it starts with an imaginative description of the evolution of this super-intelligence through exponentially accelerating developmental stages, ending in a transcendent, nigh-omnipotent power that is something that normal Humans cant understand at all - then before its final "flowering", the changes in a single minute of the Blight's life are said to exceed those of 10,000 years of human civilization.
so at first this was really hard to follow, as someone was going into some kinda ancient archive and had "awaken" some type of programs that started to get sentient and they had to get out of there before it became a problem for them, it didnt work and they crash onto a planet with these "Tines" which are like dogs in packs but with long necks and smart as humans only when they are in groups of 3 or more - they are at the level of medieval Earth so just cross bows and axes and stuff like that
things get really hard to follow but in the end you will understand most if not all of it, I do feel that this could have been about 5-10 hours longer and told a story with more things explained but its ok
also get the other one "A Deepness in the Sky" if you want to know more about Pham Nuwen
This novel won the Hugo award and was nominated for the Nebula award as well so I went into it with relatively high expectations. Unfortunately, it turned out to be somewhat of a bore. A Fire Upon the Deep contains some original and fascinating ideas but the characterization is stiff and the novel really drags in the middle. Vinge seems more interested in exploring the medieval world on which he's stranded some of his characters than the complex and interesting galactic structure he's created, populated with numerous intelligent races and super intelligences so powerful they are impossible for lesser being like humans to comprehend.
Peter Larkin's reading contributed to my disappointment with the book as well. He used cartoony voices for a number of the alien characters that made it increasingly difficult to take the book seriously.
I honestly couldn't listen past the first hour. The narration is so annoying that I just couldn't take it. I'm looking forward to reading the paper version
I felt like I was listening to an awful version of Nick at Night. The cartoonish voices he uses...high pitched and irritating, are bad enough, but he also seems to be telling the story like he is talking to 3 year olds. Very odd inflection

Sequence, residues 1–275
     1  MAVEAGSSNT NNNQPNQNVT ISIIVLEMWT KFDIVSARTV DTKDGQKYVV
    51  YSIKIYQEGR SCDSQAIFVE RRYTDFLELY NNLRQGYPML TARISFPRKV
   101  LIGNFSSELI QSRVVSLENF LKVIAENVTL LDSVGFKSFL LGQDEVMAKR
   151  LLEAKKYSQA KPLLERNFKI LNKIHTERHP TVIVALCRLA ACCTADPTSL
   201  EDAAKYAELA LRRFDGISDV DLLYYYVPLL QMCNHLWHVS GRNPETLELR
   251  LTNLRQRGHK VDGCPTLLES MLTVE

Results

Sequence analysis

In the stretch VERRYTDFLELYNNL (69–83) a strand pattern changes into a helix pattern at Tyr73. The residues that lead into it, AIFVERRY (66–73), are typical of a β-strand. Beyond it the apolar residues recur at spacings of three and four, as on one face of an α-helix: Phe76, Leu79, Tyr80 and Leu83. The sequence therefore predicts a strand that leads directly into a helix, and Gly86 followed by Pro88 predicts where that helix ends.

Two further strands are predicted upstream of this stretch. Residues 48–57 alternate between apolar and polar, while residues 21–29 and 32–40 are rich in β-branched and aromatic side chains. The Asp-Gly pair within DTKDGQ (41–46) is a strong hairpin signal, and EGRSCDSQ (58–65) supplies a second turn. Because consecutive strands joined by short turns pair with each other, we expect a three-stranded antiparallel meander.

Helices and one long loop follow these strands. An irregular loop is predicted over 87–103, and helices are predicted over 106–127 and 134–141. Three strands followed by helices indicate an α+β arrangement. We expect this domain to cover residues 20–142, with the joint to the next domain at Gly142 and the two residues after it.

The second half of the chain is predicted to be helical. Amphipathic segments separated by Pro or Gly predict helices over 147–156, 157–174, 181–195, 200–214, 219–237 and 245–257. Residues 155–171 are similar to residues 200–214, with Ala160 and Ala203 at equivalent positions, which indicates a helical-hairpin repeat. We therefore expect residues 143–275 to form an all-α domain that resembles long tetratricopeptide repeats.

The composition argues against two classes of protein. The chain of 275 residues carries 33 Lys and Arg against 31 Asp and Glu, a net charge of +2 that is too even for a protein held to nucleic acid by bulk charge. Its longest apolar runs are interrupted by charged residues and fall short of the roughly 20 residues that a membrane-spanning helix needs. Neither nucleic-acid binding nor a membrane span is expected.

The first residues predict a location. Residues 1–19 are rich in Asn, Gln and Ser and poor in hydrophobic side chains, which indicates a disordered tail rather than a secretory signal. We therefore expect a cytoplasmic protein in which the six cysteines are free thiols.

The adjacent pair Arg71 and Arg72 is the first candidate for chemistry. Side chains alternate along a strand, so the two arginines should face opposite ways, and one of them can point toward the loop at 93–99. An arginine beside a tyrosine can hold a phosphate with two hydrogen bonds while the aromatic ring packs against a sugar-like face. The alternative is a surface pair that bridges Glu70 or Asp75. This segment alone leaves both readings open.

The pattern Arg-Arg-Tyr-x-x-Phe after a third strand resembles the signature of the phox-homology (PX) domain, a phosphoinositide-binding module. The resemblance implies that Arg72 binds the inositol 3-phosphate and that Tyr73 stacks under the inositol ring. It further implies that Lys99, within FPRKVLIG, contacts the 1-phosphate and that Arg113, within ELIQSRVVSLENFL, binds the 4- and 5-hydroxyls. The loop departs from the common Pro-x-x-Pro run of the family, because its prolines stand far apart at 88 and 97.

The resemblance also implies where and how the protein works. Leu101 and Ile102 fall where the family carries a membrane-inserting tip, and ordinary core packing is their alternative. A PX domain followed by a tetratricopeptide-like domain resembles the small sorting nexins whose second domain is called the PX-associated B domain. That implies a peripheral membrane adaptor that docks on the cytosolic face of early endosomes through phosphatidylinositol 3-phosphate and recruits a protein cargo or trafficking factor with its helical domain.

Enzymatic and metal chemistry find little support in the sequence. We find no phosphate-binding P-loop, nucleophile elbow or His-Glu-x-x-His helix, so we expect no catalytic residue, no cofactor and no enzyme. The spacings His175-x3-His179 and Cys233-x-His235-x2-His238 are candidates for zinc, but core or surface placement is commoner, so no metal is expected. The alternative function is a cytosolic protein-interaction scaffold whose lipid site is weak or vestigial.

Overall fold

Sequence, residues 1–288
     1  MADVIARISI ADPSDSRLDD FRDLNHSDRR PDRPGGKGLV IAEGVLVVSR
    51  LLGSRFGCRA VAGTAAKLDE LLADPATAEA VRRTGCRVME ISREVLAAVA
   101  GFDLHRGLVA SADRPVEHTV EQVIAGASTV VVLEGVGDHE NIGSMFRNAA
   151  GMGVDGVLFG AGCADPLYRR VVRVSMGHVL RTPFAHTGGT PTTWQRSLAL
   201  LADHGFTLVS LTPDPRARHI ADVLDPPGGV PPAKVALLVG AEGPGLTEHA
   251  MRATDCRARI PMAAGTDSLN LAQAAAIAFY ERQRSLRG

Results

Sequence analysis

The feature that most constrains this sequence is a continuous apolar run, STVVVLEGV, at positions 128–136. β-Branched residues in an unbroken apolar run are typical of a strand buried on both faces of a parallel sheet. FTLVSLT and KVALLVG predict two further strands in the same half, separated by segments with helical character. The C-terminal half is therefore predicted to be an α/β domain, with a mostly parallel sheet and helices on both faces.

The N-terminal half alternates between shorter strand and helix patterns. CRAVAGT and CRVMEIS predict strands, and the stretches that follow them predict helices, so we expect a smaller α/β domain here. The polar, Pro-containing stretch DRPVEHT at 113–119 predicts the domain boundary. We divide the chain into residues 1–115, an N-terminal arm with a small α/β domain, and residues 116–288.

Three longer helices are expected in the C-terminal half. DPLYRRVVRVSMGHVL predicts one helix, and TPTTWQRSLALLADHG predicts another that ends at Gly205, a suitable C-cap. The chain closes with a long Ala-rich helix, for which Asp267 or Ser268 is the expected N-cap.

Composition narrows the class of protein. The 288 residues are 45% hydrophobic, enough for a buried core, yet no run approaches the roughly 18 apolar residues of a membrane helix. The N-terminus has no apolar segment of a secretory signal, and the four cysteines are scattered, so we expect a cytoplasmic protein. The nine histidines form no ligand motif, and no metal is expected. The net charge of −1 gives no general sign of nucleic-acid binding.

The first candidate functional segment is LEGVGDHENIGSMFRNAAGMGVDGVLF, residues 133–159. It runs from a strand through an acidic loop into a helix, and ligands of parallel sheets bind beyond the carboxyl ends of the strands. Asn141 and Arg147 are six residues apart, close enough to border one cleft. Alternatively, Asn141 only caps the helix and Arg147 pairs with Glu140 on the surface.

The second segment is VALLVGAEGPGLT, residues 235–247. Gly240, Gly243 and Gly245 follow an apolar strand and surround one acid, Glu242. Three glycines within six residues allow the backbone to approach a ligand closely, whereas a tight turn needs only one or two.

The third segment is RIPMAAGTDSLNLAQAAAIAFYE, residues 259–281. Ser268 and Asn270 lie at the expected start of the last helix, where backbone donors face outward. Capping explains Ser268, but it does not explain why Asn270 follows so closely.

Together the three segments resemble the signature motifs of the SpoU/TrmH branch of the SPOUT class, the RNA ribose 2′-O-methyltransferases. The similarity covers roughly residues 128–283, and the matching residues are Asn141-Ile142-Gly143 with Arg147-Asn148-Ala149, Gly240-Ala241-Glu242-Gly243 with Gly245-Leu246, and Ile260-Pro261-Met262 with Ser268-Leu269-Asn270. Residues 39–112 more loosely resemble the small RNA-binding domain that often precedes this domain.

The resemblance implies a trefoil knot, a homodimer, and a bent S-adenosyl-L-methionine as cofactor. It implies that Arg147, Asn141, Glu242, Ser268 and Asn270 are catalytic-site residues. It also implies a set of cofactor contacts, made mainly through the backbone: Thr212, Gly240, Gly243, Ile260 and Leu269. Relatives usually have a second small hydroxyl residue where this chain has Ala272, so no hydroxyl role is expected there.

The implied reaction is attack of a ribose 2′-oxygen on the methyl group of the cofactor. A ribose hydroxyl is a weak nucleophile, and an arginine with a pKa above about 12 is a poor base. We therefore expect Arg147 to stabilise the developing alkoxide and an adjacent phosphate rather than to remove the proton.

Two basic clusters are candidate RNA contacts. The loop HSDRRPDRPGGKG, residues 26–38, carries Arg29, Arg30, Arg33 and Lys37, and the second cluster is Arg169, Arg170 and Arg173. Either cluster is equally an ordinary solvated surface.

Science writer in America's heartland
This is the story of what happens to humans and other residents of the galaxy when they encounter more ancient beings in the far beyond. The Internet (or whatever the Internet has become in this future time) plays an interesting role, in that various powers use it to spread information and disinformation in the growing war. I really liked that the heroine was a librarian, so her knowledge of how to find information and act on it made her critical to the humans' survival.
If it weren't for Audible I'd never get any reading done.
It's a fun and sometimes very interesting story--especially the parts on the dog-pack planet--but it's actually rather difficult to follow the story via audiobook. There are many made-up names for technology, planets, civilizations, etc. and I often wished for a paper copy to rifle back through to figure out certain things.
The reader does a good job with voices but he seems to have had a cold for at least a couple of days of the recording. So careful-- it's distracting.
Highly recommended. Overall, I liked "A Deepness in the Sky" better, but this book was great too. The first part of "Fire" was excellent, exploring a fascinating universe and a unique alien race. I *really* liked the way the race was introduced --- realization of its differences only slowly coming into focus. And the idea of the universe having slow and fast zones was really great. Unfortunately, once the universe was introduced, the second half was much weaker --- just a slow march to a predictable conclusion. (Ironically, "Deepness" was the opposite. It was so slow in the beginning, but ended on a high note.) Despite this minor weakness, Vernor Vinge is definitely on my list of favorite authors. I read this book before "Deepness" and recommend that order (even though this occurs later in time).